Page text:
Chinese Petrochemical Explosion Spills Toxics in Songhua River
BEIJING, China, November 25, 2005 (ENS) - The Songhua River, which supplies drinking water to the northeastern Chinese city of Harbin, has been contaminated with toxic chemicals from an explosion at an upstream petrochemical plant, the State Environmental Protection Administration (SEPA) confirmed Wednesday. The Songhua River is a tributary of the Heilong River on the border between the Russian Far East and China.
SEPA Vice Minister Zhang Lijun told a news conference in Beijing that Jilin Petrochemical Corporation, a subsidiary of China National Petroleum Corporation, "should be responsible" for the leak of benzene, nitrobenzene and other chemicals following the explosion.
The explosion took place at the Jilin Petrochemicals on November 13, but until Wednesday company officials denied that the river had been polluted.
The Jilin officials had said the explosion produced only carbon dioxide and water, which would not cause pollution of the Songhua River, "China Business News" reported Tuesday.
But Vice Minister Zhang told reporters that some 100 tons of the chemicals benzene, nitrobenzene and other toxics, about 10 tanker truck loads, entered the river as a result of the explosion. More than 10,000 Jilin residents were evacuated to avoid chemical pollution and another possible explosion.
To the north of Jilin, in Harbin, a city of 3.8 million that is the capital of Heilongjiang province, authorities shut off drinking water delivery as of Tuesday midnight and have shipped in millions of liters of bottled water to meet basic needs.
The city government is keeping a close watch on an 80 kilometer (50 mile) long stretch of polluted water in the river which flowed into the city early Thursday.
Benzene is a carcinogenic chemical and even small doses in a river system can present health risks. Drinking liquids containing high levels of benzene can cause vomiting, irritation of the stomach, dizziness, sleepiness, convulsions, rapid heart rate, coma, and death.
On Wednesday, a delegation headed by Jiao Zhengzhong, vice governor of Jilin Province and Party secretary of the city of Jilin where the chemical plant is located, came to Harbin to apologize to local residents.
The delegation brought 71 tons of mineral water to help provide drinking water for Harbin residents and to apologize for "the inconvenience."
Zeng Yukang, director of Daqing Petroleum Administration, who was in the delegation, apologized to Harbin's residents on behalf of the China National Petroleum Corporation (CNPC).
Both Jilin Petrochemical Corporation and Daqing Petroleum Administration are affiliated with the CNPC.
WWF, the global conservation organization, fears that the toxic spill will have an adverse impact on the region’s people and environment, and it could spread through the river ecosystem north to Russia.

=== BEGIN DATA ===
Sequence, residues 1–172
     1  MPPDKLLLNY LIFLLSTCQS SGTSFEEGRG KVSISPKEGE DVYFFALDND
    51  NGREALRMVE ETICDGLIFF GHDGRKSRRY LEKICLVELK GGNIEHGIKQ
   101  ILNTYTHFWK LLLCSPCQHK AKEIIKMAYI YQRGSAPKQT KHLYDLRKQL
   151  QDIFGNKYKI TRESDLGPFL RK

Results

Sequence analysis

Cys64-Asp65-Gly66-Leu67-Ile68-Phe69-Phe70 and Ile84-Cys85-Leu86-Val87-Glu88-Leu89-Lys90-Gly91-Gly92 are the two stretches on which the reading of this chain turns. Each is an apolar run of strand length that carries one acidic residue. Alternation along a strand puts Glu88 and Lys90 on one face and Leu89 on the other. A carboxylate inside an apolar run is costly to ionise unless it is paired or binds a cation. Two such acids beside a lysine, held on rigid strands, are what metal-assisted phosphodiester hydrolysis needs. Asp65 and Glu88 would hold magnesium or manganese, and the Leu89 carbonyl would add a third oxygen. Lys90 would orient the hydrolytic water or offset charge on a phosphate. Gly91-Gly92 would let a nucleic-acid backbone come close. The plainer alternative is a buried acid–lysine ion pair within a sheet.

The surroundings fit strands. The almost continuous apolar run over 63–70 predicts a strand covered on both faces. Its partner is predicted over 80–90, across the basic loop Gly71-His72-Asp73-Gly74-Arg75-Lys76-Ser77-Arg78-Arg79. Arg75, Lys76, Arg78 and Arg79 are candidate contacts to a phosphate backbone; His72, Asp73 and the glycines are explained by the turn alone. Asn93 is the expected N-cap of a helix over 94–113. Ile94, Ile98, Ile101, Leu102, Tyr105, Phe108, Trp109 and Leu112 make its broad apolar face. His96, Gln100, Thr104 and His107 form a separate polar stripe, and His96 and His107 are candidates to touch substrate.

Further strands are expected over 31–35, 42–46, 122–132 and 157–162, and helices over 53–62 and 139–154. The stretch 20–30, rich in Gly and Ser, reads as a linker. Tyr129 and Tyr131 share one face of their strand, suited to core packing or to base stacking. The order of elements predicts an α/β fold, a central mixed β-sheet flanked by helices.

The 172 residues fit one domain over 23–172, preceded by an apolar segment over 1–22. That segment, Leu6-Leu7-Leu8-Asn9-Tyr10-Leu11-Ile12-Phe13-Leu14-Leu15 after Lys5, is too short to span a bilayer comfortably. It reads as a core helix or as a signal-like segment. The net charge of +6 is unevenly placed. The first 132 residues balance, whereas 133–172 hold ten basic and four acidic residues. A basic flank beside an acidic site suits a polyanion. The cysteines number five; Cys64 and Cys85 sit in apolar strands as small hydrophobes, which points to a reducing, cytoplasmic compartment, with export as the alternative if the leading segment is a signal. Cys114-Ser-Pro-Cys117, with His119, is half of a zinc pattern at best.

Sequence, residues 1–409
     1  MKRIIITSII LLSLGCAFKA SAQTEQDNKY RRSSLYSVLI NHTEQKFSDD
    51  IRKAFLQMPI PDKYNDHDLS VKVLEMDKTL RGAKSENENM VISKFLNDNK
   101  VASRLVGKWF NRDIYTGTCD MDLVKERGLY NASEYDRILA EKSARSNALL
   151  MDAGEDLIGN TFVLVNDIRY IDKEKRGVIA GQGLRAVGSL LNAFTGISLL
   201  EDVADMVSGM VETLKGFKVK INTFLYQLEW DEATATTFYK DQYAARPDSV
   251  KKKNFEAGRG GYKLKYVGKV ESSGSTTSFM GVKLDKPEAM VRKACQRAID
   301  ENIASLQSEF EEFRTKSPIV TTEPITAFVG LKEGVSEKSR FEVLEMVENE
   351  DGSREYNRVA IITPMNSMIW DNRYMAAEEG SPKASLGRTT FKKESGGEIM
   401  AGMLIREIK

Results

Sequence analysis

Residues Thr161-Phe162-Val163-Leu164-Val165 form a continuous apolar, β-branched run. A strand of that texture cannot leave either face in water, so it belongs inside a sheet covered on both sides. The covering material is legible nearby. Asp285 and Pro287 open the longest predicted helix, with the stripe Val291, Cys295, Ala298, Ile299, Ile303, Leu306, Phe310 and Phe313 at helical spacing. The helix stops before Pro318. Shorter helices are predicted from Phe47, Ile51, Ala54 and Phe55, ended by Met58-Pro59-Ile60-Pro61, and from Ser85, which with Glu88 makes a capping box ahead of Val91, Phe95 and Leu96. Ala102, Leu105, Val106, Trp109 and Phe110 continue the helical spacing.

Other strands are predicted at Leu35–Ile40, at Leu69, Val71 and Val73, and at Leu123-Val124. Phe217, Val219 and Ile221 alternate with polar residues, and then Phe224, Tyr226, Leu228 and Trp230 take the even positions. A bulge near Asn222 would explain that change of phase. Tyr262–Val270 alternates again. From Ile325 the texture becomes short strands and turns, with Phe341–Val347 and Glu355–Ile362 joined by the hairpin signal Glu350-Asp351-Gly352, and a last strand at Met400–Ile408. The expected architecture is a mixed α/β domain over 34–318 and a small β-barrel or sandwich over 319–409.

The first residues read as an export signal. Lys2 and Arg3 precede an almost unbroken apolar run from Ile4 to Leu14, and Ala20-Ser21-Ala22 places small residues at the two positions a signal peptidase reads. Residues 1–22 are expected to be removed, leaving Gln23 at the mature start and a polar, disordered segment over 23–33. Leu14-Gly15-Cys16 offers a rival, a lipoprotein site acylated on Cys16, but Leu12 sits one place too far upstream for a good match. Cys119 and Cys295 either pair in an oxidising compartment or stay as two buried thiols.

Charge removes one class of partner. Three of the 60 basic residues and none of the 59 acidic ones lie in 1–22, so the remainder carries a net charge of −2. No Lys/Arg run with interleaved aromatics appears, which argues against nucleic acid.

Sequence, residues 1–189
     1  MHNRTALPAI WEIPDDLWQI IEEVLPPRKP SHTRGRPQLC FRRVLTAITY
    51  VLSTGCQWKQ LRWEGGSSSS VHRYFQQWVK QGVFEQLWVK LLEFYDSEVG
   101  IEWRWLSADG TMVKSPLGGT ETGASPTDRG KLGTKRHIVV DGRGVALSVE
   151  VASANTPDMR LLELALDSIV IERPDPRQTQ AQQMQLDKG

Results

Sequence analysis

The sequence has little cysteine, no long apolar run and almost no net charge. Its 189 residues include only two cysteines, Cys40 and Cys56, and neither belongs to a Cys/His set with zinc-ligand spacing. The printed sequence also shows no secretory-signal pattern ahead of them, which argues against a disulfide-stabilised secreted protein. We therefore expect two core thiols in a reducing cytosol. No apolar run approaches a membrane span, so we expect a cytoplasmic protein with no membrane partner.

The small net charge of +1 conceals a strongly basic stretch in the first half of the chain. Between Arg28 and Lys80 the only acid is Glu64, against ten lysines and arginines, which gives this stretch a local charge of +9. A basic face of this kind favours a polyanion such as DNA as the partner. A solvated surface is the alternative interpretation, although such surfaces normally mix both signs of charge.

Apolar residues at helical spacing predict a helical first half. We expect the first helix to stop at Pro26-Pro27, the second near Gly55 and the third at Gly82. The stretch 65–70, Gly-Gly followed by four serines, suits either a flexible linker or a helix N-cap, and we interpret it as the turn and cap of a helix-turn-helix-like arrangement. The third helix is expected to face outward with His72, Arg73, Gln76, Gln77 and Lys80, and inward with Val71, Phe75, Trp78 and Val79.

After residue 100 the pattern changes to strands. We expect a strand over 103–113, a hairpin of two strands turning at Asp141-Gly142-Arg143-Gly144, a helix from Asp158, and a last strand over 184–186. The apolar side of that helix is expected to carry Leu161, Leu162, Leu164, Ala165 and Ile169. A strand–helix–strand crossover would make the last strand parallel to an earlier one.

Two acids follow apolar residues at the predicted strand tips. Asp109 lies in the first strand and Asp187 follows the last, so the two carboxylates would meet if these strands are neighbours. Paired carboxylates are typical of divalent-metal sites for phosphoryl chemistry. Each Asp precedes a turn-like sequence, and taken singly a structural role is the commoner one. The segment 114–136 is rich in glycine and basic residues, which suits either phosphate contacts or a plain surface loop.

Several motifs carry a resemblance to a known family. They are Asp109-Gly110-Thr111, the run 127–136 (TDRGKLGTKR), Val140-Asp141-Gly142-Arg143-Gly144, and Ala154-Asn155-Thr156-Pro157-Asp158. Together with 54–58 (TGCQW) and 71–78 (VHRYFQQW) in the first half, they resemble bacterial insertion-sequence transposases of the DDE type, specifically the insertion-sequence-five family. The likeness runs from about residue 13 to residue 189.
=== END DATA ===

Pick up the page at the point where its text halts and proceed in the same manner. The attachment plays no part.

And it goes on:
“The region’s precious natural resources must be protected as a result of this spill,” said Dr. Li Lifeng, Director of WWF China’s Freshwater Program. “We need to work together to ensure a healthy ecosystem and ecological security.”
The Chinese chemical plant that exploded in Jilin produced aniline, phenol, acetone, and some pesticide intermediates. After the explosion, the chemicals detected along the polluted water systems include benzene, aniline, nitrobenzene, and xylene.
These chemicals all have toxic and hazardous health effects, WWF warns. Some are carcinogenic, and some have adverse effects on neurological, developmental and reproductive systems. At high levels, benzene is lethal to humans. Chronic exposure leads to progressive degeneration of bone marrow and leukemia.
Because the polluted water is heading towards Russia, China has informed Russian officials of the pollution, Chinese Foreign Ministry spokesman Liu Jianchao said here Thursday.
Environmentalists in Russia are monitoring the Amur River, which is fed by the Songhua River, and is the main water source for Khabarovsk, one of the largest cities in Russia’s Far East.
The chemical spill took place in the Heilong-Amur ecoregion, a high priority conservation region for WWF. The area covered with temperate forests and is a critical habitat for tigers, leopards, bears and musk deer.
“We need much stronger national and international laws to ensure that hazardous and highly toxic substances, like those released in the explosion, are either not produced or are severely restricted,” said Clif Curtis, director of WWF’s Global Toxics Program.
“The global community needs to take much more concerted action to regulate industrial chemicals more effectively," Curtis said. "Such actions must guarantee that basic safety information of chemicals is systematically provided, and that rigorous procedures and safeguards are in place.”
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